At the UN General Assembly on 25 September 2015, Heads of Government from 193 UN Members States gathered to ratify the Sustainable Development Goals. In doing so the international community committed that:

“We resolve, between now and 2030, to end poverty and hunger everywhere; to combat inequalities within and among countries; to build peaceful, just and inclusive societies; to protect human rights and promote gender equality and the empowerment of women and girls; and to ensure the lasting protection of the planet and its natural resources…”

What are the Sustainable Development Goals and what do they mean for the UK?

The Sustainable Development Goals (SDGs, or “the Global Goals”) are an initiative of the United Nations.

Together, the Global Goals set out an ambitious agenda for a better world by 2030 – fairer, safer, healthier, more prosperous and in better balance with nature. The goals have been described as “the closest thing the world has to a strategy”.

The Global Goals were born out of a vast consultation process and were ratified by 193 global leaders in September 2015. There are 17 goals, with 169 targets sitting underneath them, covering every facet of life on Earth – social, economic and environmental.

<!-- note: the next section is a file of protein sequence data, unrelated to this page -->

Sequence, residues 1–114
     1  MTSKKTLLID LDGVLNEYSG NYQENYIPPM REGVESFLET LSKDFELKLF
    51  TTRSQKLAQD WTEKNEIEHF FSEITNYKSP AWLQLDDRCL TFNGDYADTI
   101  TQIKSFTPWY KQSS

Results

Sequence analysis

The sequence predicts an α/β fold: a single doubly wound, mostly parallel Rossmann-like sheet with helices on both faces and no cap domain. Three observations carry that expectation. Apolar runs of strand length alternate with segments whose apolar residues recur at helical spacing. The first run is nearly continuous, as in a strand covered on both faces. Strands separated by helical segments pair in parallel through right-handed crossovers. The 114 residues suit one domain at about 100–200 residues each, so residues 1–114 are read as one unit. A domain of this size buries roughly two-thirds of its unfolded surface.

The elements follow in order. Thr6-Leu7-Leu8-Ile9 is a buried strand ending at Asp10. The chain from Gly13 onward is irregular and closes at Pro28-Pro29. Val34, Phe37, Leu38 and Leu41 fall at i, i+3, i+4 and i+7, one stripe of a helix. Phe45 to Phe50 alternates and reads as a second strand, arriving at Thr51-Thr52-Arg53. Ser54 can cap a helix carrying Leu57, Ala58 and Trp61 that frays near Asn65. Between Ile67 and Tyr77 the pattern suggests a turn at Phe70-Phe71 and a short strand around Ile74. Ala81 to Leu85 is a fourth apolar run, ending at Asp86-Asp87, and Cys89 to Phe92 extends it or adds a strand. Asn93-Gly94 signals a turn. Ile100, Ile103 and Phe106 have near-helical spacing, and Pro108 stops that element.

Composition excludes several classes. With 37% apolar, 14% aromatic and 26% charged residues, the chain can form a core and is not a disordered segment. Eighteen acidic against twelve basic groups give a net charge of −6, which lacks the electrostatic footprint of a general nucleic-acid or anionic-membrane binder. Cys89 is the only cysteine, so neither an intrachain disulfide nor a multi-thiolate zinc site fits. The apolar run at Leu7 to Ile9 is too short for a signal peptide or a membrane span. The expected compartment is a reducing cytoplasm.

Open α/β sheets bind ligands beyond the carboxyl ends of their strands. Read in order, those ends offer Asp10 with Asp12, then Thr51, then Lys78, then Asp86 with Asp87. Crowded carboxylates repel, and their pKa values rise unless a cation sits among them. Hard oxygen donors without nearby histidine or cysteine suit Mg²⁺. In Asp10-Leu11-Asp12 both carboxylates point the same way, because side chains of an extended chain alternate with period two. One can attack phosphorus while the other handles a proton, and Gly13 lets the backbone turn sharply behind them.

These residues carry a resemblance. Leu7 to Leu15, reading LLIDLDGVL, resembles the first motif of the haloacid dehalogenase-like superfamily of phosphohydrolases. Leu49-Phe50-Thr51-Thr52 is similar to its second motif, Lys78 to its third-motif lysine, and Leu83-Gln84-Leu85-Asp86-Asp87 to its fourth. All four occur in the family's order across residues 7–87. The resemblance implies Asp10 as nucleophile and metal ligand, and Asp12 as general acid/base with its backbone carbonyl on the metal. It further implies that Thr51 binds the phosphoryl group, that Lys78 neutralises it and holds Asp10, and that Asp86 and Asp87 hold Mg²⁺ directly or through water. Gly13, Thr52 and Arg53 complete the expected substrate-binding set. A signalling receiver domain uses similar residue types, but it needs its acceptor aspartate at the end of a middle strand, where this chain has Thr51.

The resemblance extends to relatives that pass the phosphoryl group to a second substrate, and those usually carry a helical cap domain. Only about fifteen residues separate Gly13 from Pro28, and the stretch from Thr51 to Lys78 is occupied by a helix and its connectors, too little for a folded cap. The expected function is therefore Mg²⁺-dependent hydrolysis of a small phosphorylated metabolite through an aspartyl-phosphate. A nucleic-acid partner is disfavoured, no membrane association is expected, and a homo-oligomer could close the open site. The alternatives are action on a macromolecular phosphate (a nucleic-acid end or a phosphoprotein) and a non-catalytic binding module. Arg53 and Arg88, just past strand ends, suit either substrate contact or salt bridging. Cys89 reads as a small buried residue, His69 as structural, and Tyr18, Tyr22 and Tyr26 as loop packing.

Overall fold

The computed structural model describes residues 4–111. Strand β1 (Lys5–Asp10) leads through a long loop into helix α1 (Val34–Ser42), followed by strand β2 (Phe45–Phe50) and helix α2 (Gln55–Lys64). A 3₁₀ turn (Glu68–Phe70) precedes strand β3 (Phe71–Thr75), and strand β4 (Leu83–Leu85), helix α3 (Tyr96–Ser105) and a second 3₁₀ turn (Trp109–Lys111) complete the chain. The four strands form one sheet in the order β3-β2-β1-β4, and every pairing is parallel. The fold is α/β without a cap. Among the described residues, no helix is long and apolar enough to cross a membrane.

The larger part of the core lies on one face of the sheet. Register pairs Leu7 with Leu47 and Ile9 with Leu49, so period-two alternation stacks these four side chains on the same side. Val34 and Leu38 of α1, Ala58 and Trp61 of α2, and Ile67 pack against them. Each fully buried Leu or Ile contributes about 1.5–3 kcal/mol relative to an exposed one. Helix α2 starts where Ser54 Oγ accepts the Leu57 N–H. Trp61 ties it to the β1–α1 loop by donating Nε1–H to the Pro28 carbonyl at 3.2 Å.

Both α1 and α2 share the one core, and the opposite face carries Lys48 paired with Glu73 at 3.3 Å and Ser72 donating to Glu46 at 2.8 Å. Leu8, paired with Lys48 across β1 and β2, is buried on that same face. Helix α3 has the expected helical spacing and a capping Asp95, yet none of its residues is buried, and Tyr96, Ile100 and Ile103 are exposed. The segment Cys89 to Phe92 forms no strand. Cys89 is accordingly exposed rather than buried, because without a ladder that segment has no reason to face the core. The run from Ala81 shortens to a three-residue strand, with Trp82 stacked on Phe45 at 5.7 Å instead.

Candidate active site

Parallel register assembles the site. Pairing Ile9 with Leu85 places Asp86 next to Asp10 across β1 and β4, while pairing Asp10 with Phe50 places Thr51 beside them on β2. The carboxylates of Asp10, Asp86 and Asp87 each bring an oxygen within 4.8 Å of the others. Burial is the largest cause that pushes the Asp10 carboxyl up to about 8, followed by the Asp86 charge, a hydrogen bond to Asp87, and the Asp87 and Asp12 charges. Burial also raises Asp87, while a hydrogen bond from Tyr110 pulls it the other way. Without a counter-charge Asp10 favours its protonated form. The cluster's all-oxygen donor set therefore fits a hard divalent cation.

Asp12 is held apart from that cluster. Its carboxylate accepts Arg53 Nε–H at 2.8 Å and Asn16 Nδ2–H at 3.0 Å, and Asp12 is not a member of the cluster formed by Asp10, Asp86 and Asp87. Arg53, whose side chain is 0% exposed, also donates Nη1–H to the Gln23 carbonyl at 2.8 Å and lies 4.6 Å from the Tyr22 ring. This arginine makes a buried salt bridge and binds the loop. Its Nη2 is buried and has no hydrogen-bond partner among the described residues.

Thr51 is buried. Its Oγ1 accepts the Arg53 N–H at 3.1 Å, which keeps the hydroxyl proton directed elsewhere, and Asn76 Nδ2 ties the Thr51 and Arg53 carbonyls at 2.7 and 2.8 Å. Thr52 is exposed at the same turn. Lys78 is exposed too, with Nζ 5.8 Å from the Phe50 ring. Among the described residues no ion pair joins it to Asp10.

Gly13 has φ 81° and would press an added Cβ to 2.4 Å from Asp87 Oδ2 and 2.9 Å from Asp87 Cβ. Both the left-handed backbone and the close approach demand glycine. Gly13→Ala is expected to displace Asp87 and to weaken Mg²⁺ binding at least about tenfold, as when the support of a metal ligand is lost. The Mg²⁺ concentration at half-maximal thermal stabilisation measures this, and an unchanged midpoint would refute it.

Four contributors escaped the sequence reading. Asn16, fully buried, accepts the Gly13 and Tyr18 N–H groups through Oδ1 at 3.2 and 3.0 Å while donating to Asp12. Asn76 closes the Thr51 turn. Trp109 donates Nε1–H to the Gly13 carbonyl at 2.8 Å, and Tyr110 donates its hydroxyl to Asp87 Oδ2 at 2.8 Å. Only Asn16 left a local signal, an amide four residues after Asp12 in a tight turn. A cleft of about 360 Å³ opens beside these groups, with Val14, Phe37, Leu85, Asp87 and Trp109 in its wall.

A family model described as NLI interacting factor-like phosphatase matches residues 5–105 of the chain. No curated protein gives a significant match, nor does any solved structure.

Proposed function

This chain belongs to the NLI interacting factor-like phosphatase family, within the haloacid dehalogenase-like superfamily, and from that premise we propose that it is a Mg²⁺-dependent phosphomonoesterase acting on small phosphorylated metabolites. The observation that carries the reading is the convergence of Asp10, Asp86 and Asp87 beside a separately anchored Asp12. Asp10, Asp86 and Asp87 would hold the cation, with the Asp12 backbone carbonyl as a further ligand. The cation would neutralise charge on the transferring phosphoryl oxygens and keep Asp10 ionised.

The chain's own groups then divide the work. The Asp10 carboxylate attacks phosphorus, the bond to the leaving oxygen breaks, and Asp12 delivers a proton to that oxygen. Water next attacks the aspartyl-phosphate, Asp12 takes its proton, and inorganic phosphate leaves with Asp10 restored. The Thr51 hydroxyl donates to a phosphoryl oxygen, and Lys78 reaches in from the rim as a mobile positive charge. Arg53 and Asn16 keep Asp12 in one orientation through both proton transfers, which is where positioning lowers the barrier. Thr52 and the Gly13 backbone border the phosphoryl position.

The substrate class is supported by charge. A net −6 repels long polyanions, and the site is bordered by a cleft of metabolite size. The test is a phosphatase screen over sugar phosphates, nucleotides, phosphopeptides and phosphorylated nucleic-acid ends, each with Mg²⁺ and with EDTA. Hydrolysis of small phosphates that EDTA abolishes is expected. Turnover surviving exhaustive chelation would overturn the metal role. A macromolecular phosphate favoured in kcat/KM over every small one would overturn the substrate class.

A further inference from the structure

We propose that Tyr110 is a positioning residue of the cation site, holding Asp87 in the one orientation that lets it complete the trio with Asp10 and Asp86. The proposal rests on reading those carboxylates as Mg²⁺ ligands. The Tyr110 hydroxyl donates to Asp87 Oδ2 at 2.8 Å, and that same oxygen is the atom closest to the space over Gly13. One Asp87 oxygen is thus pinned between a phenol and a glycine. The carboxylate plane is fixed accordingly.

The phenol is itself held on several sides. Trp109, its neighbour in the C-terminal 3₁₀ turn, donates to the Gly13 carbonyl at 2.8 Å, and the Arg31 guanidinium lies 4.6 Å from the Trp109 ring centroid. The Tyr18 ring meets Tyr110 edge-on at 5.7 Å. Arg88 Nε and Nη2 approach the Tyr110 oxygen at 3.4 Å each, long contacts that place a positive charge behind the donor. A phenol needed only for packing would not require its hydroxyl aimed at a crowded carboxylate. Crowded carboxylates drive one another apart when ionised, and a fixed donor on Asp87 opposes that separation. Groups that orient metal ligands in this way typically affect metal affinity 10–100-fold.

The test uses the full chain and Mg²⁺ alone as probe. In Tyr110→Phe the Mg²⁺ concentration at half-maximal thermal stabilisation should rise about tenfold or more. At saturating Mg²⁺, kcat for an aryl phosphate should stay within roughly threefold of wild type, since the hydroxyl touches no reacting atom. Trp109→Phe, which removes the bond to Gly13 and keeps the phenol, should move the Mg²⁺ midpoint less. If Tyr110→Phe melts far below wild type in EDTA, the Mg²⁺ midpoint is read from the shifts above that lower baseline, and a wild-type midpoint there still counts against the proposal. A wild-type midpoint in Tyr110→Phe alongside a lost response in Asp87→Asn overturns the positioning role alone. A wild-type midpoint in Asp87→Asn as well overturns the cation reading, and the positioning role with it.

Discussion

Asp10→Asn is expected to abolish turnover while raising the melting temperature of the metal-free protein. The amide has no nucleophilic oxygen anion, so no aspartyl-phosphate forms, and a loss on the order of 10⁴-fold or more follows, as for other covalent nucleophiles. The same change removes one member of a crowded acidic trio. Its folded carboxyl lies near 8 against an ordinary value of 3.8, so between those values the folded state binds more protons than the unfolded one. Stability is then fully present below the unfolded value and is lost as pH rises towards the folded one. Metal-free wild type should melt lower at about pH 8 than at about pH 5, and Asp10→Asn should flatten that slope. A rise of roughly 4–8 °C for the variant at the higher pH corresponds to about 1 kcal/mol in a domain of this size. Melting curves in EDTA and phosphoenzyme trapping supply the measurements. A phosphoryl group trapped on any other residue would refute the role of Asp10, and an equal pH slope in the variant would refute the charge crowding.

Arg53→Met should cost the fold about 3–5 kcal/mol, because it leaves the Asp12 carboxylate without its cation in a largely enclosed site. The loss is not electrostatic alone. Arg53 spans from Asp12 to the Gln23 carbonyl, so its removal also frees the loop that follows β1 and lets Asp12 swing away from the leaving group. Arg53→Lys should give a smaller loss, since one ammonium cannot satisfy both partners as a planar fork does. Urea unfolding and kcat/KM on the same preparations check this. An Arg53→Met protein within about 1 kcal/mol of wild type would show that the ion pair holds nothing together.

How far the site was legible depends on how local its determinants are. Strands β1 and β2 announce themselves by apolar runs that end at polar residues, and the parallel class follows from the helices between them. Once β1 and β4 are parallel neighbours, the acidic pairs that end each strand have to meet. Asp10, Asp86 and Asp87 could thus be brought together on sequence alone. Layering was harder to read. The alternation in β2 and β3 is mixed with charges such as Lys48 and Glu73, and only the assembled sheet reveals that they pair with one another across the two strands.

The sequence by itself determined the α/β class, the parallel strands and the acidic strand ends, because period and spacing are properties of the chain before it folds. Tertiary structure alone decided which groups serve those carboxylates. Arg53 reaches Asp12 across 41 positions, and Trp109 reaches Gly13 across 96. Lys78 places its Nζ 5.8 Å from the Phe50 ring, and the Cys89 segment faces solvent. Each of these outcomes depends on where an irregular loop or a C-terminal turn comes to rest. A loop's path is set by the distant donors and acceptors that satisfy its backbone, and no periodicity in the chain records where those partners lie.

Unlike the Millennium Development Goals which preceded them, the SDGs are not primarily focused on developing countries;  they are about sustainability everywhere.

The SDGs are a common blueprint for a sustainable future - as relevant to communities, households and individuals as they are to governments, businesses, and NGOs.

Despite the universal nature of the SDGs, they are sometimes misconstrued as a “developing world issue”. UKSSD’s work includes encouraging the UK government to follow through on its public declarations of support for the agenda by putting in place robust plans to achieve the Global Goals in the UK.

We believes that the SDGs are the ideal framework to address some of the greatest social and environmental challenges we face in the UK, including those listed below.

In the UK:

  • 8% of people are in poverty
  • 3 million people are undernourished
  • 40,000 people die from air pollution every year
  • 5% of young people in the North East are not in employment, education or training
  • We are set to miss the target of 15% of our energy coming from renewable sources by 2020

(Source: Newcastle University)